NOTE: HOUROU MUSUKO is the manga that inspired this. I direct you to read this, if you are at all interested, because it portrays such a sweet and poignant example of the topic. I have cried, I have laughed, and I have never throughly enjoyed myself like I have with this manga. So, please, if you are interested, take the time and read it. You won't be disappointed! Also, after a long hiatus I present you with awful formatting and my utmost hate for FP at this point.

darling, you're not just a work in progress
4/8/2009, 1:54 AM - 2:10 AM

I am four and I look up at my mother's wedding dress in wonder and envy because some day, far away from now, my sister will wear that dress, like our grandmother before her.

And I will just sit there, watching enviously from my corner. My tux too tight and my mind wandering with thoughts of if only I were a girl, if only—it isn't fair.

I am six and my mother holds me tightly to her.

"You're fine the way you are," she tells me and I can hear the faintest quiver in her voice. "Don't let anyone tell you differently."

My mother tells me I can be anything I want to be, and I don't have the heart to believe it.

"…Thank you, Mama."

I am twelve when the world turns on its head.

My sister leaves for college and with her, she leaves her old uniforms and ripped jeans and fancy Ts. I like to wake early in the morning, just to try on her clothes.

My hips are like a girl's, my mother told me, and her skirts curve to them naturally; they don't hang, I don't really have to roll them to fit. The shirt, on the other hand, is limp and lifeless.

In the morning, I spend an insane amount of time marveling at what I am not—and what I pretend to be. In my sister's clothes and the sun tucked away still, the day not yet starting.

Reality won't set in until I can hear my mother stumble out of her room, yawning loudly and muttering unintelligible things. I quickly take off my sister's clothes, tuck them neatly in their specific places in her closet, and slip into my room.

I have hours until I need to wake and be ready for school, for the reality that I will face when I step outside my home.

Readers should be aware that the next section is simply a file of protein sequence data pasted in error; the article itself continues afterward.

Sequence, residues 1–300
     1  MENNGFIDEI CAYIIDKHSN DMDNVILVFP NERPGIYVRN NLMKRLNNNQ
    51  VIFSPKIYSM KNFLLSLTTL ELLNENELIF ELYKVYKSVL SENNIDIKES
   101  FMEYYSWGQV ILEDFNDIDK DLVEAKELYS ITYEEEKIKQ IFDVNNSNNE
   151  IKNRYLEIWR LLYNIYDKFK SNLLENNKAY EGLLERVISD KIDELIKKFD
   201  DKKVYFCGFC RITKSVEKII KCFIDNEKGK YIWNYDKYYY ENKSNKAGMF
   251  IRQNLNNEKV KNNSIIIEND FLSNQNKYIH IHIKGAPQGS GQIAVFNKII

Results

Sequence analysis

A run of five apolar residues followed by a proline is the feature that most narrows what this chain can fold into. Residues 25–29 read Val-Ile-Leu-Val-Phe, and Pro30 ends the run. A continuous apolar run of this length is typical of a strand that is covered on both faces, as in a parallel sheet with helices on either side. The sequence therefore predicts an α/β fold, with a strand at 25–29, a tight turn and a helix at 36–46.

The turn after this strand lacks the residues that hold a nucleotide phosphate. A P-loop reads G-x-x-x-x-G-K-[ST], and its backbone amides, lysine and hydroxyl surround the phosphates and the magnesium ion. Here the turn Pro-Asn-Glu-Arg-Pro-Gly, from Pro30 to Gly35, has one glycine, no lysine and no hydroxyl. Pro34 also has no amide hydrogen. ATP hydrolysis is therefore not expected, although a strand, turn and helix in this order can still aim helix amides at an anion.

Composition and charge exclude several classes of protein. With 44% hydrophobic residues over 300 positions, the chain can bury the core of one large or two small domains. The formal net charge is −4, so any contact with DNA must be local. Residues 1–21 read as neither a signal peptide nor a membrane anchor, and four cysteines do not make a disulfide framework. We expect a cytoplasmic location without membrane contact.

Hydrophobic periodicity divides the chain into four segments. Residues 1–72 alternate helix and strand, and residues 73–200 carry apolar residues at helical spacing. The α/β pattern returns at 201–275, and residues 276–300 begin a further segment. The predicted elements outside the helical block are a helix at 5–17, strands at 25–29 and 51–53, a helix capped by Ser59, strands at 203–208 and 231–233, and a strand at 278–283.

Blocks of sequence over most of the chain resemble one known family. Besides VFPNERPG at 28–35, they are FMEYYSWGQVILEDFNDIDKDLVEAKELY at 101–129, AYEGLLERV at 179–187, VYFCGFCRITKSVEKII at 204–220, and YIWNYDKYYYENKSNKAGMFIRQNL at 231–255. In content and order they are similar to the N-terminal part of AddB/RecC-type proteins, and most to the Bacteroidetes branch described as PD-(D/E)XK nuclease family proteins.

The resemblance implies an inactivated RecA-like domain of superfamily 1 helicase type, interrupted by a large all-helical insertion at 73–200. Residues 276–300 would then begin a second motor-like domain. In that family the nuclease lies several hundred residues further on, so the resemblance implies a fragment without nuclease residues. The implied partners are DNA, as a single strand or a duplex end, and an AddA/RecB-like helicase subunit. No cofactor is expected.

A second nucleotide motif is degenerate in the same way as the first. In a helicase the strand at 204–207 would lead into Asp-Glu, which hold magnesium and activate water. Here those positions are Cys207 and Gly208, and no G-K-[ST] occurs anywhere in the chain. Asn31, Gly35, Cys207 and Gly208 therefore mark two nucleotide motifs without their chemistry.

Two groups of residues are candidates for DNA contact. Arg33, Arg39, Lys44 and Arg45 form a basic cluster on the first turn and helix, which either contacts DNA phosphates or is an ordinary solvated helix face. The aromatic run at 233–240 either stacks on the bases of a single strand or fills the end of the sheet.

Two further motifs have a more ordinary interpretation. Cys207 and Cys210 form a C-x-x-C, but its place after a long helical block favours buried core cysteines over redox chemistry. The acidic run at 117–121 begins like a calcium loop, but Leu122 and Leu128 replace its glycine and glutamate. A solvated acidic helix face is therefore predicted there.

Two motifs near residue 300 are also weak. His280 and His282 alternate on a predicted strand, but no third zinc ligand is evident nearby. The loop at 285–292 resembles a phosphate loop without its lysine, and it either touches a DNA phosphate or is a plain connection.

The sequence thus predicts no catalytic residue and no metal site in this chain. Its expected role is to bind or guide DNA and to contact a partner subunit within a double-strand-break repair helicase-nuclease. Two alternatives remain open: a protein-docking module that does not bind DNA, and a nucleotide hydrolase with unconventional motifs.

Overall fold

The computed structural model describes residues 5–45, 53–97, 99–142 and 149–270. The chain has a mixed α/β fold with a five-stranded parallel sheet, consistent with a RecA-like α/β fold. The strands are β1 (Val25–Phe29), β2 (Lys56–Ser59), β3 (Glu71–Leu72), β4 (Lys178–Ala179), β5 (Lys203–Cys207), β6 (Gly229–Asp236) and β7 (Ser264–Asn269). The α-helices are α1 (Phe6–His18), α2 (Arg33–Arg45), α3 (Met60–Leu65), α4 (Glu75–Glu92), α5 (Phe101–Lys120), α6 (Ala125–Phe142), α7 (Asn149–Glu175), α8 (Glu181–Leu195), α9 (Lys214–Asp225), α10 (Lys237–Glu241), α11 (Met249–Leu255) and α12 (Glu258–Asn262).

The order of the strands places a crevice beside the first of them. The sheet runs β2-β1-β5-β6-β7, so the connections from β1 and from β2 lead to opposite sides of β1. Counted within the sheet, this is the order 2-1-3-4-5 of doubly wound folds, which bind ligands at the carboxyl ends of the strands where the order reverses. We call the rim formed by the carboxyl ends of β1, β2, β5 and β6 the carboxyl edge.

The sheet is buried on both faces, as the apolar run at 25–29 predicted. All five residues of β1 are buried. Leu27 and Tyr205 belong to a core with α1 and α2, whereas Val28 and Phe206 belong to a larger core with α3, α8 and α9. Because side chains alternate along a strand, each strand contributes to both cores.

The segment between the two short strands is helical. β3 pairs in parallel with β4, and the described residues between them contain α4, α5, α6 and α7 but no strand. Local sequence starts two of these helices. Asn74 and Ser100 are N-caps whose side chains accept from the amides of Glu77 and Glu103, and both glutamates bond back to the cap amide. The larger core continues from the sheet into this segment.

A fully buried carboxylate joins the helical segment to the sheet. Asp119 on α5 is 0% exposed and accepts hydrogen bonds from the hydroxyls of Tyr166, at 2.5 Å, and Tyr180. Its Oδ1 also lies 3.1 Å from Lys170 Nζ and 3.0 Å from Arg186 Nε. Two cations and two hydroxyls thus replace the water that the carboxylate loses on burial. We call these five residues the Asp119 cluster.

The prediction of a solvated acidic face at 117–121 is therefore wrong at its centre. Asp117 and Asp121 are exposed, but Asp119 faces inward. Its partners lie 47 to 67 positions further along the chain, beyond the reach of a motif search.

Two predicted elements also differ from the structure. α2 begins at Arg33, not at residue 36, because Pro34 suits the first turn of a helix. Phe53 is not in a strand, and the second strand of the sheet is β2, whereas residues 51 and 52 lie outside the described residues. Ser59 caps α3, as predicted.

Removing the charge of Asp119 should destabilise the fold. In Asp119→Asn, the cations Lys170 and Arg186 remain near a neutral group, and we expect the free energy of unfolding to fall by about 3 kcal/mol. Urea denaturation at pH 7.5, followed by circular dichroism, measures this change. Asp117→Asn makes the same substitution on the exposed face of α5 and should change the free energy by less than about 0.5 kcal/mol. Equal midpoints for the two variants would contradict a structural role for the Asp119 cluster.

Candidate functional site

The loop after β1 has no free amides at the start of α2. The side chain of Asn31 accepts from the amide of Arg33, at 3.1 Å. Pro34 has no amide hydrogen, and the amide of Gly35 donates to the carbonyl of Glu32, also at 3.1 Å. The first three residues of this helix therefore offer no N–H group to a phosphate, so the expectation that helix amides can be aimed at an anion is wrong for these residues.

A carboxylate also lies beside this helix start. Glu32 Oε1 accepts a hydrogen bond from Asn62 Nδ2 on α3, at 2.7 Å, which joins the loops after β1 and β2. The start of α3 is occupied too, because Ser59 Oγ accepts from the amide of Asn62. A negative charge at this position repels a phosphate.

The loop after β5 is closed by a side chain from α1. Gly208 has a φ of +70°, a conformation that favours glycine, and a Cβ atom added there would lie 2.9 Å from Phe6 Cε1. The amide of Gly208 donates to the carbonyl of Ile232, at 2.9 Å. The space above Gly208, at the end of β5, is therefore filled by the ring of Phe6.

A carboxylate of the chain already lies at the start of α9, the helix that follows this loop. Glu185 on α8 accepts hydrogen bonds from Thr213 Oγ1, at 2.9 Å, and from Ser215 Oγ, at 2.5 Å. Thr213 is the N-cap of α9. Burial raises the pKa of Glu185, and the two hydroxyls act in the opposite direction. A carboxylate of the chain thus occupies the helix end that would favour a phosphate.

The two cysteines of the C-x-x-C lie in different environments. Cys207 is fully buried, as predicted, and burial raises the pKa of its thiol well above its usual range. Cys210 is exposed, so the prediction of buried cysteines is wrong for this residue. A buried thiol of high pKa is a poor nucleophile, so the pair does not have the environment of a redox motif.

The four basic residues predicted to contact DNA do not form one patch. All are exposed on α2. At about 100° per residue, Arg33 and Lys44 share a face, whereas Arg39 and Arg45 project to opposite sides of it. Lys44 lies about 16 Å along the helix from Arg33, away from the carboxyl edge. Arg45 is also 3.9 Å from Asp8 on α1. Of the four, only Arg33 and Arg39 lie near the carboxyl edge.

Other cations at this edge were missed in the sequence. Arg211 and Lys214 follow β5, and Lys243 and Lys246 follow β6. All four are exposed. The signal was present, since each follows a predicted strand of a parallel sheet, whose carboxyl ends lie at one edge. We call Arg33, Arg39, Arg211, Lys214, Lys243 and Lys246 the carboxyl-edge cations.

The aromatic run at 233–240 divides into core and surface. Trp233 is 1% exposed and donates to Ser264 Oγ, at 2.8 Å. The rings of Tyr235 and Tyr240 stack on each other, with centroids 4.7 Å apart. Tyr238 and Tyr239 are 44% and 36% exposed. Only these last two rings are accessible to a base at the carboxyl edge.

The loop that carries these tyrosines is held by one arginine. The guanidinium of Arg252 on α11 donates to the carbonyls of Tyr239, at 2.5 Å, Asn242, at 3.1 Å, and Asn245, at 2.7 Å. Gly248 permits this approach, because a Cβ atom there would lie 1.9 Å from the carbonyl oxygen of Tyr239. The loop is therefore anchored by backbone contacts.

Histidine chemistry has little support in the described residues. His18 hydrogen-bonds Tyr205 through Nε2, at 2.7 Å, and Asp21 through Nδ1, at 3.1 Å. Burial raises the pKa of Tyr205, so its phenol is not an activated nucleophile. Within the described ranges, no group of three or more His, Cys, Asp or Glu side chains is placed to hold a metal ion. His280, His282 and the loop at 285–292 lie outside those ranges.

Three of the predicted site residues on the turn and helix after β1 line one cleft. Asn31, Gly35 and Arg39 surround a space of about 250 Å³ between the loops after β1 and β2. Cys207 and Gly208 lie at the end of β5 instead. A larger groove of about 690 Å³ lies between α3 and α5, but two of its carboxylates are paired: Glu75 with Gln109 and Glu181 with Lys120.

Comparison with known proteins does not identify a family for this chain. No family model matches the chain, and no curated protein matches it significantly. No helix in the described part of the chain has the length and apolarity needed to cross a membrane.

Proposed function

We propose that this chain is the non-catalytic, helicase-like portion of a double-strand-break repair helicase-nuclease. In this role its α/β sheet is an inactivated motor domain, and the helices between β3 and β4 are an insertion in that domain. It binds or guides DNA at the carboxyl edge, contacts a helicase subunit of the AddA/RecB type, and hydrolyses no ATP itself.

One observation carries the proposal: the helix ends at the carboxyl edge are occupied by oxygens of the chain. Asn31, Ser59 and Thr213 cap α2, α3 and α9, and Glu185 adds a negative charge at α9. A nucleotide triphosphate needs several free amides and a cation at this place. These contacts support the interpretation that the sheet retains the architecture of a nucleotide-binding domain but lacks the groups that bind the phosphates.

And I close my eyes and dream of a bigger, better world were I am happy, free.

I am fourteen when I fall in love for the first time.

His name is Nathaniel and he will never feel the same.

I was not born a girl like I wish to be, he will always see me as I am—a freak.

Like the wolf who wears sheep's clothing, I pretend.

(And it breaks my heart watching him. It breaks my heart knowing that there might never be another Nathaniel, who will love me and accept me and encourage me.

Who will make me feel worthwhile, great, being the way I wish to be.

I have since given up any hope, any thought, toward that person.)

I am sixteen and her name is Rhoda.

Her hair is cut short and she wears boys clothing to school. I can hear the other girls gossip about her in unkindly ways; the boys laugh and call her a queer, a freak, and all I can think of is why not me, why note me.

I am like the cowardly lion; I lack the courage to stand up for myself.

(Needless to say, she is drawn to me. Like a moth to a flame she hovers around me, insights conversation.

And when she look at me, I feel like she sees the real me.

And because she sees that she knows, innately, that I am not ready yet—I might never be ready—and she'll smile, small and enigmatic and just for me, as if to say: I know. It's our little secret.

And for that, I am glad. As if a heavy weight was lifted off my chest.)

Graduation passes and my mother sob into her tissues, her eyes are red and she never seemed so old and fragile like she did than. "My little baby's all grown up now," she tells me. She takes me hand and looks up at me. She looks so small and sad that I squeeze her hand, tightly, in my own.

I now stand a head taller than her—lanky and angular, my hair cut short and feminine. I am told I resemble Twiggy.

I tell my mother that night. When she is small and fragile and at the worse possible moment, I tell her I want to be something I can never be.

And she does something I never expected.

She takes my hand, holds it tight, and really looks at me. There is that small smile she reserves for the moments that hurt—like when my father abandoned us—and tells me, with all the pureness of her heart, what she told me when I was young.

"Darling, you can be anything you want to be."

And this time, I believe her.